Navel Orangeworm Pressure On The Rise In Walnuts

Navel Orangeworm Pressure On The Rise In Walnuts

Navel orangeworm damage in walnut. Photo: UC Statewide IPM Project

Navel orangeworm damage in walnut.
Photo: UC Statewide IPM Project

Navel orangeworm is notorious for attacking almonds, but it’s now becoming increasingly prevalent in walnut orchards.

Emily Symmes, University of California area IPM advisor, says that reports of higher NOW damage in walnuts have become more common over the past few years. “This makes sense given our milder, drier winters and early, warm springs,” she says. “Because NOW has only more recently been high on the pest management radar for walnuts, there is still a lot that we need to learn about how to accurately measure the threat of damage.”

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Symmes adds that research has begun to look at NOW monitoring and trapping in walnuts but, at this early stage, there is not a lot of concrete data on how to best track and assess the damage threat of NOW populations in walnuts.

While NOW may have been attacking walnuts for some time, Symmes says that the type of insect or worm damage may not have been specified at harvest and instead simply listed as “insect” or “worm” damage. “So it is possible that some NOW damage in the past has been attributed to codling moth damage,” she says. “This is why it is extremely important to take additional harvest samples from orchards and go through the process of cracking out a few hundred nuts per orchard or block to identify the exact sources of the damage.”

While time consuming, this attention to detail will be worth it in the long run, as it will allow growers to know which pests caused the damage and thus be better able to evaluate the effectiveness of pest control practices. “The life cycles and key pest management timings for codling moth and NOW are different, so it’s important to know which is posing the greater threat in a given orchard in order to time practices accordingly,” Symmes says.

Why NOW?
Symmes attributes increased NOW pressure in various crops to a number of factors. First, milder, drier winters mean reduced natural mortality of overwintering pests. NOW overwinters in mummy nuts and in harvest waste materials. “In years where we get more rainfall, these overwintering sources become more moldy and rotten, contributing to die-off of some of the overwintering population,” she explains.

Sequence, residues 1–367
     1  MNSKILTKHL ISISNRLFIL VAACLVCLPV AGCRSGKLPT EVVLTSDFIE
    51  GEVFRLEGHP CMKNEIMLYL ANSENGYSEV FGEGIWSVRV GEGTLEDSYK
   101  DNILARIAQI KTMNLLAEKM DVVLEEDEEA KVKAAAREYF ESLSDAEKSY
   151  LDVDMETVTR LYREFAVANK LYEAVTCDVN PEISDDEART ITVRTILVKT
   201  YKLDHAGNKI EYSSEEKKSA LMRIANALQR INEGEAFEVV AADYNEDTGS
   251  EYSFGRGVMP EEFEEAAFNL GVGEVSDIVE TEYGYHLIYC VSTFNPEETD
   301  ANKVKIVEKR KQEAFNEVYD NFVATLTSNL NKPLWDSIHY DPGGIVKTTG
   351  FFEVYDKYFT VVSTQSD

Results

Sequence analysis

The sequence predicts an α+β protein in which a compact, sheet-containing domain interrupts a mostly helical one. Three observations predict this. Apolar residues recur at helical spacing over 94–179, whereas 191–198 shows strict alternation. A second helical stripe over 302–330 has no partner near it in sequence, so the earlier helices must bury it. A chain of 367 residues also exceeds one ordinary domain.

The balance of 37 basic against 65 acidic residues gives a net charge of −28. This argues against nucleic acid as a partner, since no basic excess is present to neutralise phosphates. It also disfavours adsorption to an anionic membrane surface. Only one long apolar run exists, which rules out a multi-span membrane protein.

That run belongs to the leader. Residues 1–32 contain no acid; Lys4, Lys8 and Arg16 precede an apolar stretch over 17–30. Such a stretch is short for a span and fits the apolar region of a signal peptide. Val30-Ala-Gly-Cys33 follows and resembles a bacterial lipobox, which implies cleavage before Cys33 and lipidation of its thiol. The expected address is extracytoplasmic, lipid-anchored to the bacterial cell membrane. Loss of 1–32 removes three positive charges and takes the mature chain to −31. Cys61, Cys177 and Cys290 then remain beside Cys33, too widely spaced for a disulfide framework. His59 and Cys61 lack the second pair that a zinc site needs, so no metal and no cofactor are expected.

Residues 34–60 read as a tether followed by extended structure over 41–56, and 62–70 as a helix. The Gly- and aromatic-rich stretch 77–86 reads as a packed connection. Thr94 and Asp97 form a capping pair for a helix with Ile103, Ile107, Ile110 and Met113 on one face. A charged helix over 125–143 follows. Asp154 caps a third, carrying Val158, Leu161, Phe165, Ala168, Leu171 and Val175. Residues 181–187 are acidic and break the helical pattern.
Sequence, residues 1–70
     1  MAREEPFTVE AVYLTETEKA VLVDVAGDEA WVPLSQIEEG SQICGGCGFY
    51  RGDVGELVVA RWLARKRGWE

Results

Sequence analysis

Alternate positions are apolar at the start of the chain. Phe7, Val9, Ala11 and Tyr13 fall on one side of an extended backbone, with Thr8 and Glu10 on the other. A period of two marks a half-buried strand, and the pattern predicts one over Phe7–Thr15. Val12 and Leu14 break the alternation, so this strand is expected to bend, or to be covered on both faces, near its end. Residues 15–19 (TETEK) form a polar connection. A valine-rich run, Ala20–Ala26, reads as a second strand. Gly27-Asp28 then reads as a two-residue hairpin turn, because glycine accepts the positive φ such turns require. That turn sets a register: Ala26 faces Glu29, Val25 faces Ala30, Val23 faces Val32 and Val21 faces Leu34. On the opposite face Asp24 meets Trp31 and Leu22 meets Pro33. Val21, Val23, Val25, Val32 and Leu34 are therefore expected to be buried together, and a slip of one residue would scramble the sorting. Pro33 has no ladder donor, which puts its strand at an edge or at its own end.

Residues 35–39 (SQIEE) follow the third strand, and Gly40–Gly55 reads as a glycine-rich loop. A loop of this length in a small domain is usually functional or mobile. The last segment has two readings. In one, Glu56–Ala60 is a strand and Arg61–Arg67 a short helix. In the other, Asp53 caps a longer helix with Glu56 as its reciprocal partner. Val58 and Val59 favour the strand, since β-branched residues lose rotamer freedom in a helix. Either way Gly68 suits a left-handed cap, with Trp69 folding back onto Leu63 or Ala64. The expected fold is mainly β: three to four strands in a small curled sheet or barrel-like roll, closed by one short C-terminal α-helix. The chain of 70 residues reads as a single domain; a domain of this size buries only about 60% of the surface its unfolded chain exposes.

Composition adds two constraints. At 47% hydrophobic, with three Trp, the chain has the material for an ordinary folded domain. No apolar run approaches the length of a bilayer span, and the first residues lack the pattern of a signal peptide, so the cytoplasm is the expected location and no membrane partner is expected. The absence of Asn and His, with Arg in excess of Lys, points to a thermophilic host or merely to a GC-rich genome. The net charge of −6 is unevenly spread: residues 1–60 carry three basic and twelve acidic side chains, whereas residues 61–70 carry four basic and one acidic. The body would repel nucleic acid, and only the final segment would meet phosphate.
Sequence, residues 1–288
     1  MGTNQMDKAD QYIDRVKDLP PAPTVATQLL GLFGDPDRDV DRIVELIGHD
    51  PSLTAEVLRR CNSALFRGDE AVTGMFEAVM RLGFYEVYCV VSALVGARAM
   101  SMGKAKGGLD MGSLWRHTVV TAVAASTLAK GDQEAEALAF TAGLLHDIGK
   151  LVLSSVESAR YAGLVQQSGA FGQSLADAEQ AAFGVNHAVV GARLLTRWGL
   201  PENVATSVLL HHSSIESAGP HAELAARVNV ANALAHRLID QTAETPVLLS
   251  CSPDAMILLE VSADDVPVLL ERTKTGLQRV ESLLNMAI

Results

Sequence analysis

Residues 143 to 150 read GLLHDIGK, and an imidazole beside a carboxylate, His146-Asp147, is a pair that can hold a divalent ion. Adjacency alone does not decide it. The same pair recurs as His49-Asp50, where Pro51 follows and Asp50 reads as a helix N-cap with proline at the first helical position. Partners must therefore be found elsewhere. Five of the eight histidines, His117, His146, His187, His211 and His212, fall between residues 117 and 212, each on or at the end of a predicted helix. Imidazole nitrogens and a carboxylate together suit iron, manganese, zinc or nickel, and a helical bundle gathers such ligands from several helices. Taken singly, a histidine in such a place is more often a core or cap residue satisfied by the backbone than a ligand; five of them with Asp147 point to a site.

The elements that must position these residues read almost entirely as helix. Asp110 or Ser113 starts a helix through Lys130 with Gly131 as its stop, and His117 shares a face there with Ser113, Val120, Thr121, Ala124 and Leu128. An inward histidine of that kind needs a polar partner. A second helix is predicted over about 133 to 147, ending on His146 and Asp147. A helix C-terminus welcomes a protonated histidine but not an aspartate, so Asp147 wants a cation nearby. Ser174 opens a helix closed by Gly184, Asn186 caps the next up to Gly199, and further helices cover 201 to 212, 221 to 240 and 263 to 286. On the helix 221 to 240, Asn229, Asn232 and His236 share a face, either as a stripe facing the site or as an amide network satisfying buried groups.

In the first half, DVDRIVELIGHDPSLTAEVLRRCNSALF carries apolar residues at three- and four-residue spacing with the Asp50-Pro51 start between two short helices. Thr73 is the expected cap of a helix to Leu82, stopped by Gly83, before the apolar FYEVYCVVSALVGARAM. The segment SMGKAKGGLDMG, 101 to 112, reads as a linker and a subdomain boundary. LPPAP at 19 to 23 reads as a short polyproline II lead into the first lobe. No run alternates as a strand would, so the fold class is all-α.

In addition, earlier springs the past few years have contributed to earlier biofix timings for various pests, including NOW. “The combination of early biofix and high temperatures during the growing season leads to the likelihood of additional generations being able to complete development,” Symmes adds. “This is what we’ve observed for NOW in the past few years – a partial or full fourth generation in late summer through fall. Historically, the worst years for NOW damage are those with at least a partial fourth generation. This is particularly important for walnut production because, unless previously damaged, walnuts are most susceptible to NOW damage when husks split, which can coincide with third or fourth generation moth activity in depending on cultivar and the source of the moths.”

NOW is also tricky because it’s a mobile pest, and how far adults can travel between hosts is unknown, Symmes says. Although some infestations can come from outside sources, that’s not always the case. “If proper management practices (especially dormant season mummy nut sanitation) are not done within the orchard environment, NOW populations can easily build up and survive in walnut orchards throughout the season and into next season,” she says.

Detecting NOW Damage
To determine whether you’re dealing with NOW damage or codling moth damage, nuts must be cracked open. “If worms are present, NOW is distinguished from codling moth by the presence of a dark, crescent-shaped mark behind the head,” Symmes says.

You can also take note of the size or stage of the worm to gain insight into the timing of the initial infestation and help guide pest management timing in the future, she notes.

If worms are not present, NOW damage can be detected by looking for insect excrement and webbing. “Multiple NOW will infest a single nut, whereas codling moth typically infests nuts singly,” Symmes adds. Codling moth-infested nuts, on the other hand, will exhibit excrement at the point of entry but have very little, if any, webbing. She also notes that NOW-damaged nut shells may have a slightly dark and oily appearance.

“What can be difficult, and at this point we don’t have a good solution, is distinguishing nuts that had codling moth first, and then NOW if the worms are not present,” she says. “NOW makes quite a mess of the nut, which can mask whether codling moth had previously damaged the nut.”

Reducing Risk Of NOW Damage In Walnuts
Many of the same practices almond growers use to control NOW can be employed by walnut growers, too. Symmes offers a few tips:

  • Sanitize after harvest. Remove mummy nuts from trees. Flailing or disking of mummy nuts on the ground before March of the following season will limit NOW overwintering sites and reduce the availability of developmental sites for early generations the following season.
  • Clean up waste materials in the orchard and around hullers and other harvest and processing equipment.
  • Hang traps in the orchard and monitor them throughout the season. Visual monitoring for eggs or worms in early split, damaged, or dropped nuts may also indicate NOW presence.
  • Maintain historical pest-tracking records on a site-specific basis to help with future pest management decision-making.